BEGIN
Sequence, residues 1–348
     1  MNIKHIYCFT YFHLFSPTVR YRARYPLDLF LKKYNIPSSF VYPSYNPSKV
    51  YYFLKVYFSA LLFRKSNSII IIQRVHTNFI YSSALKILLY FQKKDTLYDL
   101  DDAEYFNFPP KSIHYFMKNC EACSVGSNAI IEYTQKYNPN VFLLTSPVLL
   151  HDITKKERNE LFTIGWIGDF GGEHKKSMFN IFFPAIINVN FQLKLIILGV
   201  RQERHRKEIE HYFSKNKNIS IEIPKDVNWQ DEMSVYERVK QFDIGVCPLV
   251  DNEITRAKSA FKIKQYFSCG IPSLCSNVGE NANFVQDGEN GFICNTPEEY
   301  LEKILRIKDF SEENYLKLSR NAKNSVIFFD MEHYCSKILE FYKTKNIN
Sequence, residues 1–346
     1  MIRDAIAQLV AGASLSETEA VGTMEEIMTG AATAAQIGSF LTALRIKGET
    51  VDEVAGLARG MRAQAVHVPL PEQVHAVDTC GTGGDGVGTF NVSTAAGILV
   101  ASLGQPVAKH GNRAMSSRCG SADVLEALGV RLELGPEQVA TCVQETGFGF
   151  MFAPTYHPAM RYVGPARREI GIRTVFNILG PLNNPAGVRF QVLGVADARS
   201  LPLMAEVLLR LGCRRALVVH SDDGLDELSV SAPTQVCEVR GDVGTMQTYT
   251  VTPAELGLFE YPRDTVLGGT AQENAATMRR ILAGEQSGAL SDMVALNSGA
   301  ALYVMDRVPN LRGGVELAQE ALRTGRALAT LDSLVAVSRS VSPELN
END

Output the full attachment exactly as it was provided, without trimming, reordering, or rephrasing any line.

Sequence, residues 1–348
     1  MNIKHIYCFT YFHLFSPTVR YRARYPLDLF LKKYNIPSSF VYPSYNPSKV
    51  YYFLKVYFSA LLFRKSNSII IIQRVHTNFI YSSALKILLY FQKKDTLYDL
   101  DDAEYFNFPP KSIHYFMKNC EACSVGSNAI IEYTQKYNPN VFLLTSPVLL
   151  HDITKKERNE LFTIGWIGDF GGEHKKSMFN IFFPAIINVN FQLKLIILGV
   201  RQERHRKEIE HYFSKNKNIS IEIPKDVNWQ DEMSVYERVK QFDIGVCPLV
   251  DNEITRAKSA FKIKQYFSCG IPSLCSNVGE NANFVQDGEN GFICNTPEEY
   301  LEKILRIKDF SEENYLKLSR NAKNSVIFFD MEHYCSKILE FYKTKNIN
Sequence, residues 1–346
     1  MIRDAIAQLV AGASLSETEA VGTMEEIMTG AATAAQIGSF LTALRIKGET
    51  VDEVAGLARG MRAQAVHVPL PEQVHAVDTC GTGGDGVGTF NVSTAAGILV
   101  ASLGQPVAKH GNRAMSSRCG SADVLEALGV RLELGPEQVA TCVQETGFGF
   151  MFAPTYHPAM RYVGPARREI GIRTVFNILG PLNNPAGVRF QVLGVADARS
   201  LPLMAEVLLR LGCRRALVVH SDDGLDELSV SAPTQVCEVR GDVGTMQTYT
   251  VTPAELGLFE YPRDTVLGGT AQENAATMRR ILAGEQSGAL SDMVALNSGA
   301  ALYVMDRVPN LRGGVELAQE ALRTGRALAT LDSLVAVSRS VSPELN